Netanyahu and Trajtenberg
Photo: Marc Israel Sellem

Trajtenberg Report likely to pass cabinet vote

Government set to discuss recommendations of seriocomic committee. Netanyahu secures Yisrael Beiteinu's support

The cabinet is set to discuss the Trajenberg Report's recommendations on Sunday once again. On Saturday, Prime Minister Benjamin Netanyahu announced he could not promise the report will be brought to a vote fearing another political embarrassment, but managed Sunday to secure the endorsement of Yisrael Beiteinu.


The Finance Ministry has spent the last few days finalizing the budget clauses to meet Yisrael Beiteinu's demands. A final agreement was achieved Sunday morning. Avigdor Lieberman's party demanded that criteria for public housing be altered and preference be given for working families according to the number of children. The party also demanded housing solutions for senior citizens and bigger post-army grants for ex-soldiers.


Related stories:


This in effect secures majority for the report at the cabinet. It appears that Welfare Minister Moshe Kahlon will also vote in favor of the report. Lieberman was seen talking to Minister Yossi Peled in an effort to get him to endorse the recommendations.


Interior Minister Eli Yishai estimated that the report will pass the vote despite Shas' objection. "As long as there aren’t any changes in the report we shall vote against it. Nevertheless, even if the report passes the cabinet vote, it won't pass Knesset legislation without the necessary amendments." Yishai is demanding changes that "benefit the lower classes."


Netanyahu and Trajtenberg last week (Photo: Mark Yisrael Salem)
Netanyahu and Trajtenberg last week (Photo: Mark Yisrael Salem)

Netanyahu addressed the Trajtenberg Report at the beginning of Sunday's cabinet meeting. "Approving the report will allow lowering the cost of living, substantially easing parental education spending and lowering the value of properties."


He appeared confident the report will receive both the government and the Knesset's approval. "The government under me is committed to taking the necessary actions for Israeli citizens and for lowering the cost of living. I have no doubt this will happen. First in the government and later at the Knesset."


The cabinet meeting was also attended by IDF Chief of Staff Benny Gantz, at the request of Barak. Gantz warned of the consequences expected as a result of cutting the defense budget. Finance Minister Steinitz addressed the IDF chief and said: "I'm sure there is room to cut from. Even after the cut, the budget will still address all threats including the rocket threat."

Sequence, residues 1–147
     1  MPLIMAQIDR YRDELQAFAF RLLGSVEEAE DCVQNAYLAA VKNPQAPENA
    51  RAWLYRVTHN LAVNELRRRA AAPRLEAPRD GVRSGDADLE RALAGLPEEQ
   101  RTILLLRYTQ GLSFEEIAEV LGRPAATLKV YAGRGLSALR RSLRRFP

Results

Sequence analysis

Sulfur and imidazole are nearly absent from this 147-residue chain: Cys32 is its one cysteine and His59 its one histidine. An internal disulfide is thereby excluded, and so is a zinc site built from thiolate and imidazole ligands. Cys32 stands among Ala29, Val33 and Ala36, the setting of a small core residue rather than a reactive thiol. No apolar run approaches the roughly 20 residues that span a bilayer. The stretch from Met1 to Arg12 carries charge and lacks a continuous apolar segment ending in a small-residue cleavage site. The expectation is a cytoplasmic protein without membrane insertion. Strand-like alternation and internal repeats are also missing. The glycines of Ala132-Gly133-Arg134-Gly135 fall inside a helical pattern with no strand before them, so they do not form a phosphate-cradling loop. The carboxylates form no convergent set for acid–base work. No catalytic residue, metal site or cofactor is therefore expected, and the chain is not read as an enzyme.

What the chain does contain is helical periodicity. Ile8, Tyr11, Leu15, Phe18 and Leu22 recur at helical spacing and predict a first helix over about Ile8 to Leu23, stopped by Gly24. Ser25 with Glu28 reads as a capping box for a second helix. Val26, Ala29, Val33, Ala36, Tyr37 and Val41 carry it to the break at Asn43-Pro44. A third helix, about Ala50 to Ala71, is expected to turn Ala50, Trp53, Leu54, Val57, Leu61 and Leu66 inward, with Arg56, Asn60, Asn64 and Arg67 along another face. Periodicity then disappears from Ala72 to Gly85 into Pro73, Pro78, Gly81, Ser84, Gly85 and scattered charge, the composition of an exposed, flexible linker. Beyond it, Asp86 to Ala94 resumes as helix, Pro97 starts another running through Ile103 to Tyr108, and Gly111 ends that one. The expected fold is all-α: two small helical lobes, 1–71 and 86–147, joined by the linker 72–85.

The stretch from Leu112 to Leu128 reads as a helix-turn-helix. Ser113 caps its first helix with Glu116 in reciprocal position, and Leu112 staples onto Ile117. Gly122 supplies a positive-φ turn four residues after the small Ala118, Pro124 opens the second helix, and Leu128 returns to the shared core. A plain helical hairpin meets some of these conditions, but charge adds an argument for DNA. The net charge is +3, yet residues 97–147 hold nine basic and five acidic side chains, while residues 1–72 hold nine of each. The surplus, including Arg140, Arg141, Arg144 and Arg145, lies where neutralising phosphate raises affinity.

Prime Minister Benjamin Netanyahu responded by saying: "I am responsible for the security of the State of Israel's citizens. There is a responsible five-year plan. A budget change must be made to benefit Israeli citizens. It is a responsible change for which I personally vouch." 


If the cabinet votes in favor of the report, Netanyahu and Finance Minister Yuval Steinitz will have to present detailed proposals for the implementation of the report no later than November 13.


Prior to the cabinet meeting, Finance Minister Yuval Steinitz called on Barak to accept a defense budget cut. "The defense minister himself said that if cuts to the defense establishment were necessary that it will make a meaningful contribution. The defense minister should keep to his word."


The government is meant to produce a report on the implementation of the report by the end of the year. Implementing the report requires amending the budget law by the end of the year.


Last week, Netanyahu announced the matter will not be put up for a vote and later retracted his statement. He later learned that 16 out of 29 ministers opposed the plan.


The Trajtenberg report, which has drawn much criticism from the tent protest leaders, proposes among other things, building 196,000 apartments, increasing tax on the rich, cancelling the petrol tax rise, and applying compulsory education for kids from the age of three.


Shas, Yisrael Beiteinu and Barak's Independence Party opposed the recommendations on a previous discussion and were joined by two Likud ministers.


Shas, for example, were irked by Trajtenberg's call to require yeshiva students to either work and perform military or national service in order to receive state support. Barak opposes a cut to the defense budget which stands to lose NIS 3 billion.




פרסום ראשון: 10.09.11, 11:19
 new comment
This will delete your current comment